January 13, 2023 | 3 min read

Why you should consider adding a rules engine to your tech stack

Mario

Mario DiBenedetto

Managing Director

Rules Engine

One of the long-running themes in the technology industry is the componentization of technology. In the context of the software you use everyday, this means taking each piece and breaking it down into smaller, independent components without you knowing (or caring) that they are, in fact, separate components. The ultimate goal is to make the software development process faster without adversely affecting your experience. Componentization achieves this goal by:

  1. Improving maintainability: Componentization can make it easier to maintain and update individual components of your stack without affecting the rest of the system. This can be especially useful if you have a large, complex technology stack.
  2. Enhancing scalability: Componentization can also make it easier to scale your technology stack. By breaking your stack down into smaller, independent components, you can more easily add or remove components as needed to meet changing demands.
  3. Increasing flexibility: Componentization can also increase the flexibility of your technology stack. By creating independent components, you can more easily mix and match different components to create customized solutions that meet your specific needs.
  4. Enhancing security: Componentization can also enhance security by limiting the impact of any vulnerabilities that may exist in individual components. If a component is compromised, it is less likely to affect the rest of the system if it is properly componentized.

One of our favorite macro componentizations is the introduction of a rules engine. We say “macro” because the actual integration of a rules engine can be broken-down into many sub-components.

Let’s start with the basics…what is a rules engine and why do we find it useful?

A rules engine is a software application that processes a set of rules to either provide a recommendation, take an action, or provide an answer to a question. This is not to be confused with a workflow engine, which is a software system that allows you to automate and manage the execution of business processes, which often involve a series of tasks that need to be performed in a specific order. Some benefits of using a rules engine include:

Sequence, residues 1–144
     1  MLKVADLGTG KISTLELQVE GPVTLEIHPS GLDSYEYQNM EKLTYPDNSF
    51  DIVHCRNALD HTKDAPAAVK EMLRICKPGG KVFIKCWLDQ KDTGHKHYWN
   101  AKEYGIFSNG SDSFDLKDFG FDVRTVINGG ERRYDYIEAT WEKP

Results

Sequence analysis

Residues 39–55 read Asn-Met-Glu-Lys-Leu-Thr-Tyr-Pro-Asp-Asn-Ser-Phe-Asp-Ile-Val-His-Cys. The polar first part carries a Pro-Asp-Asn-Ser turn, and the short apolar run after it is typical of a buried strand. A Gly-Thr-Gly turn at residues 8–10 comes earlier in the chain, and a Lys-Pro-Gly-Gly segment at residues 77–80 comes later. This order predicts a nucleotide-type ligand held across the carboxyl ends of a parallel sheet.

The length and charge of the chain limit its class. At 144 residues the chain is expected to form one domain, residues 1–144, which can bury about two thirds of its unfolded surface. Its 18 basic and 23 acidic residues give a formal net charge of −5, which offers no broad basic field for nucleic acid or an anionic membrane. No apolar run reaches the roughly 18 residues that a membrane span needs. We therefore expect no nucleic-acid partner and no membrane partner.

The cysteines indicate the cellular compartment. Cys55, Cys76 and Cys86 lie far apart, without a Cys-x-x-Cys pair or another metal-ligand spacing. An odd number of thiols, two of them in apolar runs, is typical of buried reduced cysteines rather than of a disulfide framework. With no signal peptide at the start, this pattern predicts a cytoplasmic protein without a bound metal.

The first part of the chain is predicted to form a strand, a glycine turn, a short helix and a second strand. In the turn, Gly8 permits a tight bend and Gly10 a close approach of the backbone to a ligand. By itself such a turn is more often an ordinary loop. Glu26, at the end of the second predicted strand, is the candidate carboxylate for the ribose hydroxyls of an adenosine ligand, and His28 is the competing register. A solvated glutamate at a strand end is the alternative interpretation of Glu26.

• Improved efficiency: By automating decision-making processes, a rules engine can help organizations save time and resources that would otherwise be spent on manual decision-making.
  • Increased consistency: A rules engine can ensure that decisions are made consistently, based on predefined rules, which can help to reduce the risk of human error and increase the fairness and transparency of decision-making.
  • Greater flexibility: A rules engine can be configured to handle changes to rules or to incorporate new rules as needed, which can help an organization to adapt to changing circumstances or requirements.
  • Better accountability: A rules engine can provide a clear audit trail of the decisions that it has made, which can help organizations to be more transparent and accountable in their decision-making processes.
  • Enhanced customization: A rules engine can be tailored to an organization’s specific needs, allowing it to make decisions based on the rules and criteria that are most relevant to the organization.

Each of the above bullets could be a rationalization on its own for using a rules engine. The biggest value we see with introducing a rules engine into your tech stack is that you get these benefits together. A rules engine can bring order to chaos. It can bring agility to a clumsy process. It can simplify change.

What’s the catch?

The opportunities to use a rules engine are so varied that it can be daunting to figure out how to leverage it effectively. As with all software, the best answer is to start simple. If you try to solve too many problems at once, your risk of failure can increase dramatically. For example, we like to start with a simple use case where a rules engine is used to perform workflow validations. This use case is interesting because it can introduce the concept into your environment without too much disruption. But even this use case has a lot of overhead the first time you implement it. That’s a reason to engage a company like Brimma…we have already dealt with the initial overhead and can help you realize the benefits quicker.

Regardless of the use case you pursue, another reason to start with minimal disruption is that the introduction of a rules engine is an exercise in software development. That is not to say you need to have software developers develop and maintain your rules; We have seen multiple instances where customers have line-of-business staff write rules. But whoever is responsible needs to take responsibility for standard software development best practices related to rules versioning, regression testing, production readiness planning, and code promotion. Without the proper procedures and controls around these areas, you are likely to create more chaos than benefits.